Though fate can be seen as the will of the gods, it is maintained that Oedipus alone is responsible for his actions, as the second messenger pointed out: The greatest griefs are those we cause ourselves (1283). The concept of fate is complicated, but it is very similar to the Protestant doctrine of predestination, where one is destined to be somebody or do something even when one has free will. In the first scene, the chorus asks why Oracle does not divulge the identity of the murderer. Strangely, Oedipus himself provides the explanation for this: [¦] no man in the world can make the gods do more than the gods will (296-297).
Teiresias also insisted that [¦] theres no help in truth (334), but Oedipus forces him into saying it. He insisted on knowing out of his own sense of piety and justice. That is his downfall. It is too late when Oedipus realizes this: He [Apollo] brought my sick, sick fate upon me, but the blinding hand was mine own! (1386-1387). Even in the end, superstition limits what he could do to himself. It prevents him from committing suicide, since in Hades, he does not know how to face both his father and mother (1419-1422).
The modern reader would most probably wonder why Oedipus is subjected to such a fate. One may not answer that completely and accurately for the Greeks would argue that it is not any mortals business to ask that. In the play, moral characters lives are contrasted with the gods immortal lives. Through the gods, the Greeks are reminded of their mortality seeing how our lives like birds take wing (183). Oedipus story also reminds them of this lesson. The play concludes with that same thought:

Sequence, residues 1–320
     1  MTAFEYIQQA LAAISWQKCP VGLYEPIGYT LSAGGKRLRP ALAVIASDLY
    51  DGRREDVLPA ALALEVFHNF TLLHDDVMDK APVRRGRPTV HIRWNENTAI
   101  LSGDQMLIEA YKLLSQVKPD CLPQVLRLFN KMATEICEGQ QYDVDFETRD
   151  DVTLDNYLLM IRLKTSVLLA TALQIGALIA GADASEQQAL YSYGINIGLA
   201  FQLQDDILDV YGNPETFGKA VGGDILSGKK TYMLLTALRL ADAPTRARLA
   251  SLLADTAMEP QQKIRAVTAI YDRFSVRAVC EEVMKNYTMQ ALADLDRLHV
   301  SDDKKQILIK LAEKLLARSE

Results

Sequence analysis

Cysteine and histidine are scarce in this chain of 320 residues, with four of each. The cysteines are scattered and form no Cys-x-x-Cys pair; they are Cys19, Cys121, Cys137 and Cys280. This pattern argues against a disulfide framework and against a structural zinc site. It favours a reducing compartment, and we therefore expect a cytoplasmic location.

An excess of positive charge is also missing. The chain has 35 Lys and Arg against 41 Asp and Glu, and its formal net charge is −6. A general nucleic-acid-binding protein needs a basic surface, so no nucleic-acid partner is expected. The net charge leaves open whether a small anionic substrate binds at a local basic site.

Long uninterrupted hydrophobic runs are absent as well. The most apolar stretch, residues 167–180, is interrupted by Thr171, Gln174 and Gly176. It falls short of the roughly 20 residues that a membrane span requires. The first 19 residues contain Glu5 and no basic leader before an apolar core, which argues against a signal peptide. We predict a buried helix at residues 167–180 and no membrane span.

Let every man in mankinds frailty
Consider his last day; and let none
Presume on his good fortune until he find
Life, at his death, a memory without pain (1581-1884).
In Hamlet, it is suggested that the superstitions and the supernatural have a real hold upon the characters. The appearance of the supernatural, in this case, the Ghost, tells the characters that something is rotten in the state of Denmark (1.4.90). Like in Oedipus the King, superstitions provide explanations for certain scientifically unexplainable events and occurrences.